Montparnasse Cocktail

It’s been fun doing my daily Apéro Hour on IGTV and happy that people are tuning in. Here’s how if you’re not familiar with the format. Yesterday, bartender and spirits writer Jeffrey Morgenthaler, author of Drinking Distilled and the award-winning The Bar Book, was my guest and he made his revised French 75. Here’s the line up for the rest of the week:

Wednesday: This Montparnasse cocktail with Calvados from Normandy and elderflower liqueur

Thursday: A round-up of French apéritifs; Pineau de Charentes from cognac, Pommeau de Normandie (made with apples), and the elusive, but excellent, Macvin du Jura.

Friday: Making tisanes and herbal infusions the French way with a Frenchman…Romain returns!

Saturday: A visit to Burgundy with traveling distiller Matt Sabbagh of Alambic Bourguignon and Sab’s Spirits, who makes gin, pear eau-de-vie, and marc & fin de bourgogne.

This cocktail is named after Montparnasse, an area of Paris where the Gare Montparnasse is situated in, a train station that’s surrounded by crêperies. Each train station in Paris serves a different region of France; The gare du Nord serves the North of France, the gare de l’Est serves Alsace, and the gare Saint-Lazare transports people to Normandy.

The gare Montparnasse is where you take the train if you want to go to Brittany, which is famous not only for its crêpes and buckwheat galettes, but also for its butter, sea salt, and apples. While they don’t get the same international press, I once had a basket of fraises de Plougastel that I bought at a market in Brittany, which may have been the best strawberries I’ve ever had in my life. The outdoor markets are terrific in the region, too. I once found a woman selling freshly-made butter that had the same yellow hue of sunflower petals and had big chunks of sea salt crystals in it, at the market in Dinan. After I bought one block, I realized the error of my ways and I went back to buy as many blocks as I could to bring back to Paris with me. So there are many reasons to go to Brittany.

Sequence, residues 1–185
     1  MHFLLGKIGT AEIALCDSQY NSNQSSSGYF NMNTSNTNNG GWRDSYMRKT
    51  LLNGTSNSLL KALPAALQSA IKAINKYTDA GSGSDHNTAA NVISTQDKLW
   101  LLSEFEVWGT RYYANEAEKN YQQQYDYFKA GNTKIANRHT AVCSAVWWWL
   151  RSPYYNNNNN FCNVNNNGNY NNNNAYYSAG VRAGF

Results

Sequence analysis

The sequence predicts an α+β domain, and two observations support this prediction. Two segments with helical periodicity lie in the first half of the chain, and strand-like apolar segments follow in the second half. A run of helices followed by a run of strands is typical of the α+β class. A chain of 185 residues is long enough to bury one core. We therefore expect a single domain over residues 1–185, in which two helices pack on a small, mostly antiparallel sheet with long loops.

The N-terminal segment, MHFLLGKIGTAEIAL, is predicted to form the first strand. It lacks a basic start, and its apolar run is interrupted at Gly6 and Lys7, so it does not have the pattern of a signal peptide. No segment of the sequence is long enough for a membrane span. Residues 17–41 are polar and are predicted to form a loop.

Normandy is just next to Brittany, and there’s some overlap, bien sûr. Especially in the apple department. Lambig is the apple brandy made in Brittany, and Calvados its better-known cousin, made in Normandy.

I don’t know quite where the origins of this cocktail come from, and there’s a little bit of rivalry between Lambig and Calvados, which I’ll let others sort out, but I do know that Lambig is tough to find outside of the region while Calvados is available far and wide, albeit for a bit of a price. (In the U.S., Apple Jack is an good substitute in drinks, and St. George makes an apple brandy in California, as well as several other distilleries.)

To amplify the apple flavor, use apple juice or cider to do just that. I’ve made it with homemade Vin de sureau (elderflower wine) from the recipe in Drinking French (pg. 128), in place of the white wine for a double-dose of elderflower power.

Montparnasse Cocktail
Print Recipe
1 cocktail
I've given a few alternatives to the Calvados in the post. You could also substitute cognac or brandy, which will make it a somewhat different drink. If you want to add apple flavor, use apple juice rather than the wine. Apple bitters can also be added to the drink too. And if you top it off with a spritzy pour of sparkling apple cider (or a touch of sparkling wine, if you'd got an open bottle), I don't think anyone would mind.
1 1/2 ounces Calvados
3/4 ounce elderflower liqueur
1/2 ounce freshly-squeezed lemon juice
1/2 ounce apple juice or cider, or dry white wine
apple slice, for garnish